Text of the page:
Market Snapshot: Stock futures point to a bounce as investors continue to gauge omicron and Washington politics

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U.S. stock futures were rising on Tuesday, following a sharp selloff driven by concerns over the omicron coronavirus variant and the fate of a key spending bill for the administration of President Joe Biden.

How are stock-index futures trading?

On Monday, the S&P 500

fell 1.1% to 4,568.02, the largest one-day point and percentage decline since Dec. 1, based on Dow Jones Market Data. The Dow Jones Industrial Average

 closed 433.28 points, or 1.2%, lower at 34,932.16, its weakest since Dec. 3. The Nasdaq Composite Index 

dropped 1.2% to 14,980.94, the lowest since Oct. 15.

What’s driving the market?

Monday’s volatile action saw the S&P 500 post its biggest three-day percent slide since Sept. 30 and the Nasdaq’s worst such drop since May 12. Markets were hit first by surrounding fears over rising COVID-19 cases from the omicron variant.

Investors are trying to gauge just how much the new omicron variant of coronavirus will slow economic growth, just as central banks are reining in their pandemic-aid spending.

The second blow came Sen. Joe Manchin (D-W.Va.) said on Sunday that he couldn’t support Biden’s$2 trillion spending plan. “That’s $2 trillion that won’t hit the market so soon and help companies boost business at a time when the Federal Reserve (Fed) will be throwing less money onto the financial markets,” said Ipek Ozkardeskaya, senior analyst at Swissquote, in a note to clients.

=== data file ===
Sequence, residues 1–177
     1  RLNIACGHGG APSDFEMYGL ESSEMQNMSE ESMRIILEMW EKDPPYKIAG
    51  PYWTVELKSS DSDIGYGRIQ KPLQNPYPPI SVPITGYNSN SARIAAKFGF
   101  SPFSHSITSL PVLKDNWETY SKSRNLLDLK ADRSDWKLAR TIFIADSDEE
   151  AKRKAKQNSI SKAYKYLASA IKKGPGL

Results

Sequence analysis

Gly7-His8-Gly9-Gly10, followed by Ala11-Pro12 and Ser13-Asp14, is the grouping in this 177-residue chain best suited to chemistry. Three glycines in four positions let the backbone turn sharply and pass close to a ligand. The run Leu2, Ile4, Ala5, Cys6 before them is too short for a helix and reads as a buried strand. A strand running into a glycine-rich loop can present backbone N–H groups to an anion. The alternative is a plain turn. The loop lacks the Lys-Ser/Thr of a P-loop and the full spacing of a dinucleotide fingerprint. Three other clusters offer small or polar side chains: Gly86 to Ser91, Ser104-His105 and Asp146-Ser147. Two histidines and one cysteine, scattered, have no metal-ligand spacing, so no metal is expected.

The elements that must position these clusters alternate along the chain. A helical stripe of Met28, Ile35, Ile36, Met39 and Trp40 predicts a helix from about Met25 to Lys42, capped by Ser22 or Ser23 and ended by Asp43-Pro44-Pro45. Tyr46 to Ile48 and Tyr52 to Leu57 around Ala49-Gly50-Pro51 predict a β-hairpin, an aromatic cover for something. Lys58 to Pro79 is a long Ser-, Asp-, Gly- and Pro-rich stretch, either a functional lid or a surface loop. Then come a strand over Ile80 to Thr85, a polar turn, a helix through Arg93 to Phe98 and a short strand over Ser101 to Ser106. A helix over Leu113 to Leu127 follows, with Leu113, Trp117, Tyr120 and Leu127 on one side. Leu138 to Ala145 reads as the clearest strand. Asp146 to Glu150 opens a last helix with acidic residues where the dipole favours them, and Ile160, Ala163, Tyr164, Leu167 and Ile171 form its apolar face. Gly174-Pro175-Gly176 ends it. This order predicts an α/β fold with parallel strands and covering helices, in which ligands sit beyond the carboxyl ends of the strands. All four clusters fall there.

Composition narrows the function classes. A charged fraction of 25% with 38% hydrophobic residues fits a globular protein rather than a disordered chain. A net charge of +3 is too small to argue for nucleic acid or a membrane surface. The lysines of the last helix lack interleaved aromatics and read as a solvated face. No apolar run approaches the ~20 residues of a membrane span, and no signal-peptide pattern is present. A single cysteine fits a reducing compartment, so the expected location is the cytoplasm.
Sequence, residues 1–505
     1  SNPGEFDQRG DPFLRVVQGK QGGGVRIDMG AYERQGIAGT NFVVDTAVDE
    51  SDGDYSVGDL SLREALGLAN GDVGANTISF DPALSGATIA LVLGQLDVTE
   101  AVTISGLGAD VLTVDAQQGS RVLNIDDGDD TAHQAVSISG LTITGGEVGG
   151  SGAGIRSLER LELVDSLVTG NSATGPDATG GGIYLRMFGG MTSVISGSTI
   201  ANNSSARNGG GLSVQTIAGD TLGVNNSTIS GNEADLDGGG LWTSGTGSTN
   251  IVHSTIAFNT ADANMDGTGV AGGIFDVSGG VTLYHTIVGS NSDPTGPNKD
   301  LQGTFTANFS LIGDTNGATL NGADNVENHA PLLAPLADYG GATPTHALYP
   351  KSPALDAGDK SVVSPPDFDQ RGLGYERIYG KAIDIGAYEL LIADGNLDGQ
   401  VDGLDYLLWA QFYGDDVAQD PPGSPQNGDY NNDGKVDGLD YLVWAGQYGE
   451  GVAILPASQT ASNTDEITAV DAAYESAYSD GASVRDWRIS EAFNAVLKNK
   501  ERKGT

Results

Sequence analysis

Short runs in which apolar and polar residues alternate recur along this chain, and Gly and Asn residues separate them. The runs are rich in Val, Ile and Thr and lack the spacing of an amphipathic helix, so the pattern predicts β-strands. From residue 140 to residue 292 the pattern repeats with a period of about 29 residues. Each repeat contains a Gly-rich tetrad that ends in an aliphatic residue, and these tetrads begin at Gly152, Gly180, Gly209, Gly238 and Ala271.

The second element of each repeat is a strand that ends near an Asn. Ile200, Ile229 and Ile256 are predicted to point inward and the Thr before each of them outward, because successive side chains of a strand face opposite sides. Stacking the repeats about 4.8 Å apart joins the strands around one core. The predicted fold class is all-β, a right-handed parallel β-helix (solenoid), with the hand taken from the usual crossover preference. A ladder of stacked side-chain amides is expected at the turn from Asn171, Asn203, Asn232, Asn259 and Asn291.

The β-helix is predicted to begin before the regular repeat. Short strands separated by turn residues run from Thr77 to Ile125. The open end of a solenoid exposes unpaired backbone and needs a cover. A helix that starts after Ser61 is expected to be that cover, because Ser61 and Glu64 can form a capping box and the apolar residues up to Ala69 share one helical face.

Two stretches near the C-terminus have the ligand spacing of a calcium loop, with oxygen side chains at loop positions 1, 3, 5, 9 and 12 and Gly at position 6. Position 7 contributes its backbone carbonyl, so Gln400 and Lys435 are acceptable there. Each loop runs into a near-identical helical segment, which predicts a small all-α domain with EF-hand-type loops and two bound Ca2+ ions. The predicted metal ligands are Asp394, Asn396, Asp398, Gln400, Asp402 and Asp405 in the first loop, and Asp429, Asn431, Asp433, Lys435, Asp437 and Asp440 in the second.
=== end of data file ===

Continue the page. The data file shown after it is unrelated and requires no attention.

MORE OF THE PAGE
But the mood shifted some on Tuesday, amid a report on Bloomberg that Manchin and Biden spoke on Sunday evening, as a Washington source said that chat likely left the door open to further negotiations.

“With the rising volatility, we could see Santa taking back the reins from Manchin for the next couple of sessions. Low trading volumes could help exacerbate any rebound,” said Ozkardeskaya.

Some are keeping an eye on Biden himself, after he tested negative for COVID-19 on Monday, following close contact three days earlier with an aide who tested positive, the White House said. He will test again on Wednesday, and carry on with his normal schedule.

Traders checking out early for the holidays, leaving less liquidity and exaggerating some market moves, are also a hurdle for those trying to navigate a shortened week of trading. Markets will close on Friday, Christmas Eve.

The only data on tap for Tuesday are the third-quarter current-account deficit.

Read: Monday was an ugly one for the stock market headed to Christmas. Here’s what history says about returns on the following Tuesday.

Among other assets, oil prices


gave up much of gains from Asia, and were trading flat.

Which companies are in focus?